7. Architecture

Axes is based on the existing Django authentication backend architecture and framework for recognizing users and aims to be compatible with the stock design and implementation of Django while offering extensibility and configurability for using the Axes authentication monitoring and logging for users of the package as well as 3rd party package vendors such as Django REST Framework, Django Allauth, Python Social Auth and so forth.

The development of custom 3rd party package support are active goals, but you should check the up-to-date documentation and implementation of Axes for current compatibility before using Axes with custom solutions and make sure that authentication monitoring is working correctly.

This document describes the Django authentication flow and how Axes augments it to achieve authentication and login monitoring and lock users out on too many access attempts.

Django Axes authentication flow

Axes offers a few additions to the Django authentication flow that implement the login monitoring and lockouts through a swappable handler API and configuration flags that users and package vendors can use to customize Axes or their own projects as they best see fit.

The following diagram visualizes the Django login flow and highlights the following extra steps that Axes adds to it with the 1. Authentication backend, 2. Signal receivers, and 3. Middleware.

Django Axes augmented authentication flow with custom authentication backend, signal receivers, and middleware

When a user tries to log in in Django, the login is usually performed by running a number of authentication backends that check user login information by calling the authenticate function, which either returns a Django compatible User object or a None.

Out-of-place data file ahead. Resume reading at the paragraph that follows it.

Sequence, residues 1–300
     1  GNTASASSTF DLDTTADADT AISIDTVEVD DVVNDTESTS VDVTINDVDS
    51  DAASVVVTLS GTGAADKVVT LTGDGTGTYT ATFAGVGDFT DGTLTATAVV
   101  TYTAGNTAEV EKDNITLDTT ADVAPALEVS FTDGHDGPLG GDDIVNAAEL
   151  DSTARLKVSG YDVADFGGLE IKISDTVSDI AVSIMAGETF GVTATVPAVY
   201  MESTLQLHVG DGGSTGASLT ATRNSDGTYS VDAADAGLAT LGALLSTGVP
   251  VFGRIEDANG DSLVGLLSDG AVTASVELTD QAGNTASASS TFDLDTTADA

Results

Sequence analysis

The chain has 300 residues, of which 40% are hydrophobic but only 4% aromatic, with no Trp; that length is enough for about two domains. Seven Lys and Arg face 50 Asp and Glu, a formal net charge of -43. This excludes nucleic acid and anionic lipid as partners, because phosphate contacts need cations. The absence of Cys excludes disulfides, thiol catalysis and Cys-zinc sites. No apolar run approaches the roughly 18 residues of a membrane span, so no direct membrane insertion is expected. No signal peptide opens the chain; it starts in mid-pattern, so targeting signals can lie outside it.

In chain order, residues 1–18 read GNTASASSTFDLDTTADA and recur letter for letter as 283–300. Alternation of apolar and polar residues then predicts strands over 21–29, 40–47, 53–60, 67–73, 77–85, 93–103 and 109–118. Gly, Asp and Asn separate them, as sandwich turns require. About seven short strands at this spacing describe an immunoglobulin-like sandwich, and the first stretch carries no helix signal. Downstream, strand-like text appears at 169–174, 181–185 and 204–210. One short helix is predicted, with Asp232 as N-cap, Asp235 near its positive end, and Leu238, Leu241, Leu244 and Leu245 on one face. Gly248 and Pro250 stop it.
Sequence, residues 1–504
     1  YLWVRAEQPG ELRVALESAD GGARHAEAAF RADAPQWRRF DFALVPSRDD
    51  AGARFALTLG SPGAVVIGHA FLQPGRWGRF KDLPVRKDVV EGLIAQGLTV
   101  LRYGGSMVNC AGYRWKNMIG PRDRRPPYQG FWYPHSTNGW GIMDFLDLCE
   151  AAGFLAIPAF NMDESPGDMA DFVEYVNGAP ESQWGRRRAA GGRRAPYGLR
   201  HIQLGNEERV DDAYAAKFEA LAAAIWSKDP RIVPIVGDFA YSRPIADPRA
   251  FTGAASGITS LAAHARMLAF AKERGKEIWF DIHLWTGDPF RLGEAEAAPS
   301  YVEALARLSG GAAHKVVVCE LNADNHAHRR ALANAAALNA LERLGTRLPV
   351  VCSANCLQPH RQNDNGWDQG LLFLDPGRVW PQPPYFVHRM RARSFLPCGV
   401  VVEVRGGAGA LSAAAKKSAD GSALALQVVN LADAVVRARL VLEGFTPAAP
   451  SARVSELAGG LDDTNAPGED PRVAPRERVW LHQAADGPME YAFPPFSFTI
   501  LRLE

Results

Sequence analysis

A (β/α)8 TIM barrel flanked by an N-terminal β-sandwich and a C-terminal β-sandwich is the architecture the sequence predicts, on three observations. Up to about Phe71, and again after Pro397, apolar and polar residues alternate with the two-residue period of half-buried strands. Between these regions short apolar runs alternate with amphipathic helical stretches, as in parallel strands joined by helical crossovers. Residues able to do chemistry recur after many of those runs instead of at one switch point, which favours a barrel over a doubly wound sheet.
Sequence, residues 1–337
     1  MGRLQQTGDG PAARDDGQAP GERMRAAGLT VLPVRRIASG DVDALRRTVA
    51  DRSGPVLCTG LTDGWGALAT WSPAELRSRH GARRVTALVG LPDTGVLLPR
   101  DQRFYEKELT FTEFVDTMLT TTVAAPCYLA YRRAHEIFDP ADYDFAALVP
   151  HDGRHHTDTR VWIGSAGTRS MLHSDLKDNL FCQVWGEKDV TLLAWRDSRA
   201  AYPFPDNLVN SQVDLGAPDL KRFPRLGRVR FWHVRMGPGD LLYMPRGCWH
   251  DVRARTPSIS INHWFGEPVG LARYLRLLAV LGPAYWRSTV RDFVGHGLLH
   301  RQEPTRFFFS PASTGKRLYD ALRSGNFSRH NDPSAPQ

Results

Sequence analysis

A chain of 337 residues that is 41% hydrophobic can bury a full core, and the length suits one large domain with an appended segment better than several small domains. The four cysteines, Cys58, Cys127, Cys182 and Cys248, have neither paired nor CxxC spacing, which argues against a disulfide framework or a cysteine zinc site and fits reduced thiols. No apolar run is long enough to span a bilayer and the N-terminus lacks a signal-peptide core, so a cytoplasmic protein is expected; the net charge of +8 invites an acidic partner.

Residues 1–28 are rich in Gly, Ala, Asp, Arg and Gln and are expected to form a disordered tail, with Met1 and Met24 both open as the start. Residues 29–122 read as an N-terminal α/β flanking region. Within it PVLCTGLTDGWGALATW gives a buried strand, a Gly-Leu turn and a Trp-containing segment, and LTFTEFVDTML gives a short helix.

If an authentication backend does not approve a user login, it can raise a PermissionDenied exception, which immediately skips the rest of the authentication backends, triggers the user_login_failed signal, and then returns a None to the calling function, indicating that the login failed.

Axes implements authentication blocking with the custom AxesBackend authentication backend which checks every request coming through the Django authentication flow and verifies they are not blocked, and allows the requests to go through if the check passes.

If the authentication attempt matches a lockout rule, e.g. it is from a blacklisted IP or exceeds the maximum configured authentication attempts, it is blocked by raising the PermissionDenied exception in the backend.

Axes monitors logins with the user_login_failed signal receiver and records authentication failures from both the AxesBackend and other authentication backends and tracks the failed attempts by tracking the attempt IP address, username, user agent, or all of them.

If the lockout rules match, then Axes marks the request as locked by setting a special attribute into the request. The AxesMiddleware then processes the request, returning a lockout response to the user, if the flag has been set.

Axes assumes that the login views either call the authenticate method to log in users or otherwise take care of notifying Axes of authentication attempts and failures the same way Django does via authentication signals.

The login flows can be customized and the Axes authentication backend, middleware, and signal receivers can easily be swapped to alternative implementations.